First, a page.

All about cycling in the Netherlands
Winter draws long this year, but there was a hint of change this week, with a bit of much needed sun and warmth! To refresh our memory, let’s see what summer was like. Imagine standing over the entrance of a tunnel under the railroad tracks in ‘s-Hertogenbosch aka Den Bosch in the Netherlands. It is Tuesday the 4th of September 2012. The weather had been splendid that day, almost 25 degrees C (77F) with almost 11 hours of sunshine. It is 5 pm and you look down on one of the busiest cycle tracks in the Netherlands. On an average day almost 15,000 people on bicycles pass here. If you would be standing there for 23 minutes*, this is what you’d see:
People returning home from their daily business by bicycle at 17:00 hrs in ‘s-Hertogenbosch
This post doesn’t need many words, so I won’t say much more, but here are some stills of things that stood out for me.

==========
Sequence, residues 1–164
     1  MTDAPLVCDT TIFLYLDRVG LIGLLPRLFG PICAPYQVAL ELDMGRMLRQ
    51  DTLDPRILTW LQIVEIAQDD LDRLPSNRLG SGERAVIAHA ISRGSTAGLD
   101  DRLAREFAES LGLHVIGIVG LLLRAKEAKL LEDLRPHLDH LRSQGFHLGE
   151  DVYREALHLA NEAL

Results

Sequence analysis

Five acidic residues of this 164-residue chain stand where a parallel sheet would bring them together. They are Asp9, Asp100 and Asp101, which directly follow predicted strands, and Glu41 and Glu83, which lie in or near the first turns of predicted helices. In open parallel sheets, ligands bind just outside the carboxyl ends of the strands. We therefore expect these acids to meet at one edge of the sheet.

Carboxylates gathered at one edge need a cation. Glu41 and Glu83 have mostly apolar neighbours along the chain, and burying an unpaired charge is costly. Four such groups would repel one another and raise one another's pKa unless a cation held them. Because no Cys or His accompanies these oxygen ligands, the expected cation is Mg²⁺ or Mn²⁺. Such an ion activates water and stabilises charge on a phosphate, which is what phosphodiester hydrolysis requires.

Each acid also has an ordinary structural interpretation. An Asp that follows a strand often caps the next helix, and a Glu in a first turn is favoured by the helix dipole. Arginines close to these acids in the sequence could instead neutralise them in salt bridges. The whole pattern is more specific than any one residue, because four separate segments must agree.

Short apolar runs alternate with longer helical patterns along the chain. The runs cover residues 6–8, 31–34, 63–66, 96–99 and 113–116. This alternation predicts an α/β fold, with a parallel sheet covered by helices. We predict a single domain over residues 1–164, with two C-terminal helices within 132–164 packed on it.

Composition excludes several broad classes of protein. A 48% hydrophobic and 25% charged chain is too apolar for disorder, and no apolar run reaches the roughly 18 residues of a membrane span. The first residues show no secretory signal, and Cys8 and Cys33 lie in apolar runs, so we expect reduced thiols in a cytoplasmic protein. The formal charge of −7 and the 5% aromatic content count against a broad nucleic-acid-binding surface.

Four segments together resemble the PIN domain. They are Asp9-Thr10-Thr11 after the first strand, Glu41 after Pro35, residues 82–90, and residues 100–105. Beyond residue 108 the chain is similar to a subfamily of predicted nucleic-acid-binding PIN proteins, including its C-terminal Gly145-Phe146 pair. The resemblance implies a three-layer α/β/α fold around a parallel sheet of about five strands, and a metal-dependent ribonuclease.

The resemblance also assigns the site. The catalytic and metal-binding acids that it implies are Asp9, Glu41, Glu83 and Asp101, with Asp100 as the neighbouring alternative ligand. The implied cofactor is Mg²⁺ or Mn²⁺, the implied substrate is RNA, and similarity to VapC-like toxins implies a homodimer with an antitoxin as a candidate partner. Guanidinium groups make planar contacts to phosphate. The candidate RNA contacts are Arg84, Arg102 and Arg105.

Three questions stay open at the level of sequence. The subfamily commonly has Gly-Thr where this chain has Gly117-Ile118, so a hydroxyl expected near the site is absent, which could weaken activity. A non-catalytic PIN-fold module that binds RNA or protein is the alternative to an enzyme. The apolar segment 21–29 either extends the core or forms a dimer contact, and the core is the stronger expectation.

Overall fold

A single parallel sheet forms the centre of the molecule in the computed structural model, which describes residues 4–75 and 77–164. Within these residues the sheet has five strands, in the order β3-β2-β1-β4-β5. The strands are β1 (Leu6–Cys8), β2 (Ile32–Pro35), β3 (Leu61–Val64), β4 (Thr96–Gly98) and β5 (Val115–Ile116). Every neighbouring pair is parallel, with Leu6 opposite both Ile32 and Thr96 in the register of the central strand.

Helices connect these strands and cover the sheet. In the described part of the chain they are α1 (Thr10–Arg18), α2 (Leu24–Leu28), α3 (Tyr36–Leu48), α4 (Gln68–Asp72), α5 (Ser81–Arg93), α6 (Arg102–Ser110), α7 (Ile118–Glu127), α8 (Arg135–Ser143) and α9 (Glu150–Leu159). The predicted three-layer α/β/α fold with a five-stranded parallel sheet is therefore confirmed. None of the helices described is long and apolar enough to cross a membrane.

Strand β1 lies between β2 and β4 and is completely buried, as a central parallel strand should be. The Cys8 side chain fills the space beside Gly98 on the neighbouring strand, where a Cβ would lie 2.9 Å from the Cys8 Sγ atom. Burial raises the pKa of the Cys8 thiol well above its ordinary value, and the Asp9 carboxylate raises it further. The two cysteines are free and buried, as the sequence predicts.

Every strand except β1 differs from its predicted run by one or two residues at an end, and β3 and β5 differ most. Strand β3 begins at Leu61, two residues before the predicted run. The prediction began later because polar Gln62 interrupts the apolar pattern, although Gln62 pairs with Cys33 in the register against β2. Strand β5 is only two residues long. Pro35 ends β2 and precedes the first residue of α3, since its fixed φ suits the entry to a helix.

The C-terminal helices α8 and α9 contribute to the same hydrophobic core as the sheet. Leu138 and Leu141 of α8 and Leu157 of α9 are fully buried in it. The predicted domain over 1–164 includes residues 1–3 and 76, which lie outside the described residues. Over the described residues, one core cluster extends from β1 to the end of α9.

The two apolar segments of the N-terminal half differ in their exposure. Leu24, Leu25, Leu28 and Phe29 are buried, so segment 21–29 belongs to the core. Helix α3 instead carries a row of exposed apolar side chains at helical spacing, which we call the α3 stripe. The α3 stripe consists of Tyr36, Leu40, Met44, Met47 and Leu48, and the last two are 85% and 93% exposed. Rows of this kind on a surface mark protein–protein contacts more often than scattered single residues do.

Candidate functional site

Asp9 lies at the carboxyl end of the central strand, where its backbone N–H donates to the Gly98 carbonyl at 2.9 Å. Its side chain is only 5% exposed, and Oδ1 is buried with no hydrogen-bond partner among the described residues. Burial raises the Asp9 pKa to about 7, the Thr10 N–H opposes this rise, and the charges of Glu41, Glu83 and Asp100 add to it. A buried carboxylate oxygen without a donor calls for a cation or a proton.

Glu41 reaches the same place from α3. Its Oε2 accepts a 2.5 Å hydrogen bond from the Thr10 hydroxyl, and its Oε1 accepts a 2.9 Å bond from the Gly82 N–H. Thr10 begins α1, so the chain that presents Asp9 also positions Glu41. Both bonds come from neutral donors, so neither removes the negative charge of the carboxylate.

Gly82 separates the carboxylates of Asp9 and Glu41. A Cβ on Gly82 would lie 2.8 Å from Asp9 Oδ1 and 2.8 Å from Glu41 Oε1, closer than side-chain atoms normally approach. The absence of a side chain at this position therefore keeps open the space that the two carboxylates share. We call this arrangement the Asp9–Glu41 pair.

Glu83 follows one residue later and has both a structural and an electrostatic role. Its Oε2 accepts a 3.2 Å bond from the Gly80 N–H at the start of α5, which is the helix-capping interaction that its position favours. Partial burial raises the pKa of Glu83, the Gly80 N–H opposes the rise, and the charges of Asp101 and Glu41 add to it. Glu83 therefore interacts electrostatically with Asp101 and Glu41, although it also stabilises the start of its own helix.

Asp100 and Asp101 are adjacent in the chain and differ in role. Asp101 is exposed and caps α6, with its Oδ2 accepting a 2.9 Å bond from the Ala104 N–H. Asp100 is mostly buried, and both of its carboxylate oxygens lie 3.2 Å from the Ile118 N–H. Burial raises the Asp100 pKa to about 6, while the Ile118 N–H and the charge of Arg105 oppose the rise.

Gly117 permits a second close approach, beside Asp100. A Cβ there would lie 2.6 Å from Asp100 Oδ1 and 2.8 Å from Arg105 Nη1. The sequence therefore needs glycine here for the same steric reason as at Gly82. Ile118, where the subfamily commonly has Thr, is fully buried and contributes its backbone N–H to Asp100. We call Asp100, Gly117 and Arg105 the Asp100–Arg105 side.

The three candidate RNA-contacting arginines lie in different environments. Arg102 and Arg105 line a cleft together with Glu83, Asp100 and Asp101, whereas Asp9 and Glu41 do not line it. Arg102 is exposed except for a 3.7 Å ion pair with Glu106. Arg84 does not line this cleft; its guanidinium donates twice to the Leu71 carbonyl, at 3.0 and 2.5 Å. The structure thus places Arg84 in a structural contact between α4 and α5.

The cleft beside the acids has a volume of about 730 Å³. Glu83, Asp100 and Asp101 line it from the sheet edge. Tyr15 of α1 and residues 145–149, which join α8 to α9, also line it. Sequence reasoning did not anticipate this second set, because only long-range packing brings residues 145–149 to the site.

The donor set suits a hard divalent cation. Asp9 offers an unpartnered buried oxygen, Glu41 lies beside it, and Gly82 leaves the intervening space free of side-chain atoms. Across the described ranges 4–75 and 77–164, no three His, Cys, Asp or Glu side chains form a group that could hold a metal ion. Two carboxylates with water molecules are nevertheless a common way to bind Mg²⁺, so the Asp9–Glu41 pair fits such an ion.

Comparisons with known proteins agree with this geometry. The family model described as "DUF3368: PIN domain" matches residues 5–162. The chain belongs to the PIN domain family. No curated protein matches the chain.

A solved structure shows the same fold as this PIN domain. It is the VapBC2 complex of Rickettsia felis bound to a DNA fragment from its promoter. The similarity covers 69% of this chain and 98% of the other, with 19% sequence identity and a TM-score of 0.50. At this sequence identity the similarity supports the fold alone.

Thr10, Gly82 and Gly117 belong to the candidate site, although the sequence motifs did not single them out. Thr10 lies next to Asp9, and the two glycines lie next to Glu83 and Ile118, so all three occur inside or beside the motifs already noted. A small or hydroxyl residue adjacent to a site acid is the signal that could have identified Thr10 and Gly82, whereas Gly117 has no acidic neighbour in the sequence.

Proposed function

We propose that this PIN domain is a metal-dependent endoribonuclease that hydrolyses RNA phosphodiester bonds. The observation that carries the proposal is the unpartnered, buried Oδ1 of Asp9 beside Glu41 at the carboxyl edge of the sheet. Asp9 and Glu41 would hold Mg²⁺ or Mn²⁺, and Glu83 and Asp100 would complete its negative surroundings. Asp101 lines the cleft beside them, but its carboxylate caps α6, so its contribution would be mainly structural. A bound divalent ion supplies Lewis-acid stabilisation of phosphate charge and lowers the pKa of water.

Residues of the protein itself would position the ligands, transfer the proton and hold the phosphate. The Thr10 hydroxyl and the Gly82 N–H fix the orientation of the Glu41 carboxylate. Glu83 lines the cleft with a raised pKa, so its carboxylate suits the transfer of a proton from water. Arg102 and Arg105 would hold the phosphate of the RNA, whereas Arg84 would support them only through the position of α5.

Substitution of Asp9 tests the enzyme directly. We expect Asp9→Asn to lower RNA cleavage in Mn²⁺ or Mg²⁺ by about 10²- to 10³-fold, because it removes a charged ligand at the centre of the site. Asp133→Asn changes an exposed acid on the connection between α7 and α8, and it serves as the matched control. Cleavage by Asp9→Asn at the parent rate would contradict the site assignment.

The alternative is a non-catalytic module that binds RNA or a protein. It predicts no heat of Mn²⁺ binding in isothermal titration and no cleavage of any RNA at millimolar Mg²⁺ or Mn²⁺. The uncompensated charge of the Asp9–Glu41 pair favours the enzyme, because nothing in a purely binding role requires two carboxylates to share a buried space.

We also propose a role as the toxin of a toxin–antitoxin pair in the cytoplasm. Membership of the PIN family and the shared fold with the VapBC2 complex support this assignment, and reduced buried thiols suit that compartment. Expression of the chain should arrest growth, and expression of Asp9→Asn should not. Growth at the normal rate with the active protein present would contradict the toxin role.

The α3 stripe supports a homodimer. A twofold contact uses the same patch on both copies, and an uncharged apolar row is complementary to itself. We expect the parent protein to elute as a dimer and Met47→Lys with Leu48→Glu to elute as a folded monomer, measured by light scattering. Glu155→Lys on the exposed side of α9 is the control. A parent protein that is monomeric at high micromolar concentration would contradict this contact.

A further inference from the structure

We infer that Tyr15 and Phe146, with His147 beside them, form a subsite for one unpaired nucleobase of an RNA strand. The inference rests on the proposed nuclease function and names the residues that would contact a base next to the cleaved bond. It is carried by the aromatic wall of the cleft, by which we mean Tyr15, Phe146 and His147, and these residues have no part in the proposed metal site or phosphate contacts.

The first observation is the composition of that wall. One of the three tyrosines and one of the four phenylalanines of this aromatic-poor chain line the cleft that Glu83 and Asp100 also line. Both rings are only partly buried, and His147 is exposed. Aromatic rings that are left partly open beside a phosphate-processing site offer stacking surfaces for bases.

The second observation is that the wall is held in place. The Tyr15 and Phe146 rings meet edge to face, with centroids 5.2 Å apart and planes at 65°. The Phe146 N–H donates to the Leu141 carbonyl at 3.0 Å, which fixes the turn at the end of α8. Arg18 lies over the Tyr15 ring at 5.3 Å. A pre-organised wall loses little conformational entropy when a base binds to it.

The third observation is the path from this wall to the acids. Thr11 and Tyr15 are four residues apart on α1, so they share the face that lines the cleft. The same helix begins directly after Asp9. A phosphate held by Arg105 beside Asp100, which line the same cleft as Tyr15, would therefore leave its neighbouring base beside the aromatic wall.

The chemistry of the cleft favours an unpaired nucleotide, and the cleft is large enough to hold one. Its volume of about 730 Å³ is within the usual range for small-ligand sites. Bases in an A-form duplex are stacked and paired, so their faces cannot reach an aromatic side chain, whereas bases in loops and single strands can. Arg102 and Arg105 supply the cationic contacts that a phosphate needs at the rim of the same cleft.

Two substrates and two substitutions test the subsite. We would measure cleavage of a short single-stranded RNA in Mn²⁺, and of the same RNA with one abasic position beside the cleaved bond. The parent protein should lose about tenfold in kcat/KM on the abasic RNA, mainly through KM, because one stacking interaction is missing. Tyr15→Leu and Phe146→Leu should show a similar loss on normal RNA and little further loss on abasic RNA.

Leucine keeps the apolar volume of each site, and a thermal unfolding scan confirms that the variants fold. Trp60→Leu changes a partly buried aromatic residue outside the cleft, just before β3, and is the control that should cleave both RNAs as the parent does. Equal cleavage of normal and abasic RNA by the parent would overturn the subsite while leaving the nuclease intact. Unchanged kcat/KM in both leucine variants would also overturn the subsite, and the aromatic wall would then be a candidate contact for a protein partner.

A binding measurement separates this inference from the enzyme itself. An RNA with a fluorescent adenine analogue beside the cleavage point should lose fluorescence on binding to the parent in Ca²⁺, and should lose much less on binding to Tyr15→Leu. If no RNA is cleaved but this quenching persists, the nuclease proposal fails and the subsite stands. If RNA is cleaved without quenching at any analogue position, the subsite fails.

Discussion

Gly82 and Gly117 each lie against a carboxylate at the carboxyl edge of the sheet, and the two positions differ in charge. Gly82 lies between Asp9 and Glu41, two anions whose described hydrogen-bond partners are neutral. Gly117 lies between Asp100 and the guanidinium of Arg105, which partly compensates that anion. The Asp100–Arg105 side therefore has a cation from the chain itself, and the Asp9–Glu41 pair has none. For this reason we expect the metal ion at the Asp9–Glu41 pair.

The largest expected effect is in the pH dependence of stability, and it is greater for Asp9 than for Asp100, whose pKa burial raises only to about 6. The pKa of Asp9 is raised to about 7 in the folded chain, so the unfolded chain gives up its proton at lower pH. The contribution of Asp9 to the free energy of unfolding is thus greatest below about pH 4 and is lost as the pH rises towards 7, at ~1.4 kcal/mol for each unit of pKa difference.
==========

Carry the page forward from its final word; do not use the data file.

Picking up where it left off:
* I can imagine 23 minutes is too long for you, so there also is a super-sped-up version that shows you everybody passing in just 2 minutes.
The short and sped-up version of this rush hour.
This video was shot from the road over the tunnel you can see in the background on the picture below. There is a road and all the railway tracks at the Central Railway station in ‘s-Hertogenbosch on top of this tunnel. Note that the separated cycle paths do not go in as deep as the carriage way. That makes the incline for cyclists on the way out less steep and less of a barrier. The tunnel was built in the 1950s, it was designed including the separated cycle paths. Note that the paths on this picture are still tiled with the 1950s gray concrete tiles. That is because this Google Streetview shows the 2010 situation and the cycle paths have gotten a smooth red asphalt surface since.
Earlier, I filmed this road, before and after the new surface, and you can see that comparison as the second example in this post.